Residents of Grohman Creek asked Nelson council Monday for support in getting an improved landing dock on the Nelson side of the lake, but council members were reluctant to commit to anything until a planning process for the waterfront is complete.
“We are requesting that the City of Nelson consider a partnership which would grant foreshore for a dock for Grohman Creek residents,” Steven Thomson of the Grohman Creek Docking Society said. “The location of interest is the bay southwest of Cottonwood Creek near the old transfer station.”
The formal application for a foreshore dock location would have to be made by the city to the provincial and federal governments.
“We are a community that seems remote but the door-to-door access is quicker than Blewett, Bonnington, or Six Mile,” Thomson said. “The big difference is that our community uses boats to travel home.”
Thomson said a location close to the old transfer station would mean the shortest travel distance for the 20 permanent Grohman residents who travel to Nelson for work, shopping, entertainment, and recreation. He said the population of Grohman Creek sometimes reaches 60 in the summer. Residents currently dock their boats in a variety of inconvenient or restrictive places and there are related parking problems.
“Some residents park their boats on the beach, some use the Nelson city wharf by the Prestige and some are members of the Kootenay Launch Club. All options are very restrictive,. For example, from mid-March until mid-May boats cannot park at the launch club because of low water, which forces residents of the community to park at the small public dock or somewhere along the shoreline.”
Thomson also pointed out the dock would serve Baldface Lodge.
He told council the community recently built an $80,000 dock on the Grohman side with only $5,000 in grant funding from the Regional District of Central Kootenay and residents pay $300 per year for upkeep. He suggested a partnership with the city on a similar model for a dock on the Nelson side.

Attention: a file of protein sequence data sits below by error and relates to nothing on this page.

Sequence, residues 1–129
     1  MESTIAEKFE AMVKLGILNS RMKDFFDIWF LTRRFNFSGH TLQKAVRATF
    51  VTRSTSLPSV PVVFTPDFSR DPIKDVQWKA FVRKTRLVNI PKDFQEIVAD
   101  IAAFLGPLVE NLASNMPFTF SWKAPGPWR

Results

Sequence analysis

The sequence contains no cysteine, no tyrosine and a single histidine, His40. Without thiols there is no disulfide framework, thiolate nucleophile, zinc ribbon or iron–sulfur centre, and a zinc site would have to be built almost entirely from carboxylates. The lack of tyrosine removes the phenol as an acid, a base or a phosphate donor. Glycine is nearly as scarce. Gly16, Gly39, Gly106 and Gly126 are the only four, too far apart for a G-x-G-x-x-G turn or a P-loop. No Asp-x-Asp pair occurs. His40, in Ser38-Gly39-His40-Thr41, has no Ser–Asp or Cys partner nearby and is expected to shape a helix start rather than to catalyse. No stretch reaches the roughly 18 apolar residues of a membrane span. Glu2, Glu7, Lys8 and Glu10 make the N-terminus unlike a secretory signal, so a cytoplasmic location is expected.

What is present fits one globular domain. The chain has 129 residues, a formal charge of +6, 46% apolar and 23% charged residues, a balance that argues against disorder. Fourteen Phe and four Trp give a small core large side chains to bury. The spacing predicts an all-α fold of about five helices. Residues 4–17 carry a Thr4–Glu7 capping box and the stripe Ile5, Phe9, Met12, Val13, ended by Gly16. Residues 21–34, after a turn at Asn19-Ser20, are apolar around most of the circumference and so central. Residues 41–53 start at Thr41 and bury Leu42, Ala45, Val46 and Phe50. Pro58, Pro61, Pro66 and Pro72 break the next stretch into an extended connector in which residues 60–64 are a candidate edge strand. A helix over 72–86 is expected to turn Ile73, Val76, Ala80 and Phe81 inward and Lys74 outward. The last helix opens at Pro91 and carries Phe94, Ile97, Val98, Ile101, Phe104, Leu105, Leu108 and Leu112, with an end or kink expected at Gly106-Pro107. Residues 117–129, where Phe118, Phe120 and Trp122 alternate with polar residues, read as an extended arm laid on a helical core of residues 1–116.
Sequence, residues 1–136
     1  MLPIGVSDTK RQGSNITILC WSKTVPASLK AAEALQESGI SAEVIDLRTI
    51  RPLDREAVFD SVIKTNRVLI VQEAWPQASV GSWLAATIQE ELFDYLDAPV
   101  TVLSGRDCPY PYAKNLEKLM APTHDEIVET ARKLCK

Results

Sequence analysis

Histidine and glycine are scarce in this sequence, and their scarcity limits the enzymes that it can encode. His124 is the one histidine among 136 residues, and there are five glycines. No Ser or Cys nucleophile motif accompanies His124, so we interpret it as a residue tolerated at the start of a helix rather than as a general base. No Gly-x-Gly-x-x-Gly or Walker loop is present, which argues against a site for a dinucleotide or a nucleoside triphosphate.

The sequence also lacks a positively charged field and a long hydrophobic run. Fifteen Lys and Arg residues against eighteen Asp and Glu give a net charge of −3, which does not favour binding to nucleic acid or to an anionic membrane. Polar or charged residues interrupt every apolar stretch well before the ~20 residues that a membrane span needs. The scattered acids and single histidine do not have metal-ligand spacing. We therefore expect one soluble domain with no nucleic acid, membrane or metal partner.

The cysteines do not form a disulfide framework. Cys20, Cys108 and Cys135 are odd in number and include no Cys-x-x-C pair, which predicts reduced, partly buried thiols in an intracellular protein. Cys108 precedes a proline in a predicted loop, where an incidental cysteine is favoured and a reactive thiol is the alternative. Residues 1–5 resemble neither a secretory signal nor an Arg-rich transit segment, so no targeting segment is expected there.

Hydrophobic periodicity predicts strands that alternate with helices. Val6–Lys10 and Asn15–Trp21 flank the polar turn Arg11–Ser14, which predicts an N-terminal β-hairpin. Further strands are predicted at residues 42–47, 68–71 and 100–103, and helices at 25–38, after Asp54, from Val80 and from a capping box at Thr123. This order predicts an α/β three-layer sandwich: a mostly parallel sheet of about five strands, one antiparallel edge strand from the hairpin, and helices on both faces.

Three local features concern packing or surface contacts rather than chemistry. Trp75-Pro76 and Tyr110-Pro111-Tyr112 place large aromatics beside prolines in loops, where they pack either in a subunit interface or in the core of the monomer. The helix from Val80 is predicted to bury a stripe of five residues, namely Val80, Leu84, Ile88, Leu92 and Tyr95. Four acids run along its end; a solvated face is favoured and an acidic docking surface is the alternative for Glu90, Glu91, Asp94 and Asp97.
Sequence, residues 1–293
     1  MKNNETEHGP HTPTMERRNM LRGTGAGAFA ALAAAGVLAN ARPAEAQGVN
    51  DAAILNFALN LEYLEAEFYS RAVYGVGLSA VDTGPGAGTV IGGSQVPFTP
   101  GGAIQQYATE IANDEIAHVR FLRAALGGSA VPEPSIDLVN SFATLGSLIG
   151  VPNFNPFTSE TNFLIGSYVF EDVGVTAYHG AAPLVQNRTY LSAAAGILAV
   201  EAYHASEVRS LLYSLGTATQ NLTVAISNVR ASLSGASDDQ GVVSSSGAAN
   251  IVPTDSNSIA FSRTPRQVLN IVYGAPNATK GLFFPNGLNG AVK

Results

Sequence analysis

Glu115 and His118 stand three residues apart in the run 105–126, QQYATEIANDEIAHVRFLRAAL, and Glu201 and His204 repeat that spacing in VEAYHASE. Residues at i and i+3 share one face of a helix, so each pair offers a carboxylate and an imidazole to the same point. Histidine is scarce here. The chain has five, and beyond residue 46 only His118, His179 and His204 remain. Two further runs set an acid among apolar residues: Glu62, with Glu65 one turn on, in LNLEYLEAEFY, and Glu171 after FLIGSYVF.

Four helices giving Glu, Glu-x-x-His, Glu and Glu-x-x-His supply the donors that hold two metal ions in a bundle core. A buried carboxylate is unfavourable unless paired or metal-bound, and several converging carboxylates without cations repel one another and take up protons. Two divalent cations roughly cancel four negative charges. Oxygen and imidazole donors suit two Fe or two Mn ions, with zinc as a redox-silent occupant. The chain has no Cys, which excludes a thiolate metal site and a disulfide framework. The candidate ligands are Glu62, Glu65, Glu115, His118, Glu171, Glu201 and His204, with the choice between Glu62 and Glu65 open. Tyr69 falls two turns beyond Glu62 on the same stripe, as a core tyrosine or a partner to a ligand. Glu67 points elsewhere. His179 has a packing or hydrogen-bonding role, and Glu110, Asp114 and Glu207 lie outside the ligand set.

“We have other ideas that may help the city with this area,” Thomson said. “This includes a lakefront city campground with dock access and local walking trails. This would be popular for tourists, providing campers with an amazing location and direct access to the lake for recreation as well as to the community for food, shopping and entertainment. It could also provide the city with more public docking at a low cost as the city’s current dock is small, only allowing moorage for three small boats.”
Council’s response was that no decision can be made until the planning process for the waterfront is complete, and that depends on both the Regional District of Central Kootenay, which still needs to decide on the level of environmental remediation needed at the former landfill site, and the CPR that owns land in the area. Council offered no suggestions as to how long the planning process will take. The city is currently engaged in planning processes for Railtown and the bottom end of Hall St.
Thomson asked that when that planning eventually happens, the docking society be involved.
Mayor Deb Kozak said the society’s presentation would be passed on to planning staff but gave no clear indication of how or when it will be dealt with.
The docking society’s presentation to council along with maps and drawings are attached below.